• $\begingroup$ and there Cas9 is bacterial protein $\endgroup$ – aaaaaa Apr 14 '15 at 23:35
  • $\begingroup$ There seems to be a caspase 9 in mammals which is different from cas9. The question should probably be edited to make this clear. $\endgroup$ – user137 Apr 14 '15 at 23:50
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    $\begingroup$ I think the paper you refer to uses cas to refer to the cas family of proteins, still not the CRISPR/Cas9. Biologists need better names. $\endgroup$ – user137 Apr 15 '15 at 0:22
  • $\begingroup$ Cas9[CRISPR] totally dominates google search these days, yes. $\endgroup$ – aaaaaa Apr 15 '15 at 5:14
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The short answer is that it is likely a bad experiment; being that it would be expensive and is not likely to provide useful new information.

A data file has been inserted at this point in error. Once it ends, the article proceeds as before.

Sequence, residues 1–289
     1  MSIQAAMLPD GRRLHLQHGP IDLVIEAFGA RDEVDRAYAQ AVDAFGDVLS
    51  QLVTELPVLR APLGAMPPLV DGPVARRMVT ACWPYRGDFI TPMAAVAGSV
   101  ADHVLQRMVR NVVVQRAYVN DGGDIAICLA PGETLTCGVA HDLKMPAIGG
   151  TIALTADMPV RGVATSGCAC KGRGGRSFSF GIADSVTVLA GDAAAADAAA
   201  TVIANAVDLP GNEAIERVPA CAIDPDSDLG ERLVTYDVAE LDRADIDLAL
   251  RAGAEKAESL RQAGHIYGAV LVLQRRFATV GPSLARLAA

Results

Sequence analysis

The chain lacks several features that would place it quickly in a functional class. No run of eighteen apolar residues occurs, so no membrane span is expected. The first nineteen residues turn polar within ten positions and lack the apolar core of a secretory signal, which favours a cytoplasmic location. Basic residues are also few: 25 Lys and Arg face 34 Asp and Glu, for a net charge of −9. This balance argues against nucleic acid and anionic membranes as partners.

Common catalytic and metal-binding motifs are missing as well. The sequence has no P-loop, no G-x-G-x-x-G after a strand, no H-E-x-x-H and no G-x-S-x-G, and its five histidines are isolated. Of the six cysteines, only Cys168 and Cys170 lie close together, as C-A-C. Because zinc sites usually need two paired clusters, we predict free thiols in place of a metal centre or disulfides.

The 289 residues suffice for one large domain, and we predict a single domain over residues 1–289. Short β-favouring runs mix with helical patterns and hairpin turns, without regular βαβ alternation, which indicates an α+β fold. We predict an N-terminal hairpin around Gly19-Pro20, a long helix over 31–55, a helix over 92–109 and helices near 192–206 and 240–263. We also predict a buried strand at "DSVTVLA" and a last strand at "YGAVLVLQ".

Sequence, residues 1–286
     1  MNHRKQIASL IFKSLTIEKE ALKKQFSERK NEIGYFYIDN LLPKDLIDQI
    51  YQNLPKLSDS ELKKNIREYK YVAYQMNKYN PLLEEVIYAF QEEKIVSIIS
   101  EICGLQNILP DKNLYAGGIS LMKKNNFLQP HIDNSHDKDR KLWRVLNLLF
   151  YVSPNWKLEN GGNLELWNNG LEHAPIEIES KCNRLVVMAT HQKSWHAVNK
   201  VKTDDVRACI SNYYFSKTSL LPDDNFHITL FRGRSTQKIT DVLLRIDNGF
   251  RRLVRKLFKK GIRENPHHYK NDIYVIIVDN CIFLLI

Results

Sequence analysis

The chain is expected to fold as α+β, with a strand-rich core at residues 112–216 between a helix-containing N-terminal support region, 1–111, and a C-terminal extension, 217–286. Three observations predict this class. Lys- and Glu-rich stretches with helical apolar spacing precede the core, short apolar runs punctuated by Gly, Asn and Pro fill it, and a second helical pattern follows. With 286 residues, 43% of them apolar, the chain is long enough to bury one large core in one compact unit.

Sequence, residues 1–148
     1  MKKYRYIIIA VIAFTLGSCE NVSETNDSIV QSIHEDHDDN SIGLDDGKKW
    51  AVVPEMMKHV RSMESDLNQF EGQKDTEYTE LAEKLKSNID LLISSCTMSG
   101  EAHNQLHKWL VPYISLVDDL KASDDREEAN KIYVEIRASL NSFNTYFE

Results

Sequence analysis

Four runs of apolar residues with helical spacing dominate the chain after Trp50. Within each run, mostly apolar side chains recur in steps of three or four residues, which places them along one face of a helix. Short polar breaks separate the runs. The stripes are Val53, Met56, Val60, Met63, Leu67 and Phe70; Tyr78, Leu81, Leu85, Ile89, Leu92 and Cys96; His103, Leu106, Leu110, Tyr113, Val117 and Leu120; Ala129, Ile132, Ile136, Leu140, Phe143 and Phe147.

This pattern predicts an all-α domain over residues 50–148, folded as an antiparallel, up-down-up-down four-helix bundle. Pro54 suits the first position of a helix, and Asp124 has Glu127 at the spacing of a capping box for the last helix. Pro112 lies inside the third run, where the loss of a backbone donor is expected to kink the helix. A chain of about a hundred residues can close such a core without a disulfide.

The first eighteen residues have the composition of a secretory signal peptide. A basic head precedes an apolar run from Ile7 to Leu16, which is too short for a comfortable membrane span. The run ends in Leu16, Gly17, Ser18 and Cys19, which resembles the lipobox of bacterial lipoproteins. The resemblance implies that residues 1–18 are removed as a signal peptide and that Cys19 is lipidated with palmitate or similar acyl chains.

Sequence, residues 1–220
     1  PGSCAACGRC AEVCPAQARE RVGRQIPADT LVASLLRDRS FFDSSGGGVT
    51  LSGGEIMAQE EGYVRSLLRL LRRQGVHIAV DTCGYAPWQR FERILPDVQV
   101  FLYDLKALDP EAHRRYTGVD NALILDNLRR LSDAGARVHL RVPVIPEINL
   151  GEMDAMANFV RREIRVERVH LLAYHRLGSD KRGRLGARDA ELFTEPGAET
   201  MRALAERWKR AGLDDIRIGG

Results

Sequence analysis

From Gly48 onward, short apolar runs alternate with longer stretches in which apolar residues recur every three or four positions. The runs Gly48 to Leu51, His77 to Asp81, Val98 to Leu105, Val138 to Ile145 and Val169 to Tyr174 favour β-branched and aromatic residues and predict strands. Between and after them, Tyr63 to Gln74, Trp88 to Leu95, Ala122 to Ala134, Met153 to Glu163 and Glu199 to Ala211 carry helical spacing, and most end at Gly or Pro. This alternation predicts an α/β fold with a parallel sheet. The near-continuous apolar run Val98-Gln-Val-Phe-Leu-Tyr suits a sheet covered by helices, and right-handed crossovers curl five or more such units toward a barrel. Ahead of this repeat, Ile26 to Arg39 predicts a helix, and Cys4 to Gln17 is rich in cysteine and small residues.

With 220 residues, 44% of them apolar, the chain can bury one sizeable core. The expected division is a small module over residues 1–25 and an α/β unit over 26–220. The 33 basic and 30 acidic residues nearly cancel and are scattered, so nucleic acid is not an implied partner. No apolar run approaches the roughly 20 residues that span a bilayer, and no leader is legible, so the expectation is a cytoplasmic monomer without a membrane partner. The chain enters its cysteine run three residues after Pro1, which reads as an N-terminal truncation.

The long answer (i.e. why) is identifying an interesting target gene (e.g. caspase-9 in breast cancer) is only the first step, and considerable study of what is already known is required before planning an experiment (especially an expensive one that requires numerous mice).

Caspase-9 is a critical effector of apoptosis through the mitochondrial pathway. Many different signals such as DNA damage, Endoplasmic reticulum stress, etc induce cells to die through this pathway. This is important both in normal development and in preventing cancer. Homozygous deletion of caspase-9 is lethal, the mice will not live to adulthood. (http://www.ncbi.nlm.nih.gov/books/NBK6153/) A conditional knock-out of caspase-9 in breast cancer cells would be needed, not a global deletion.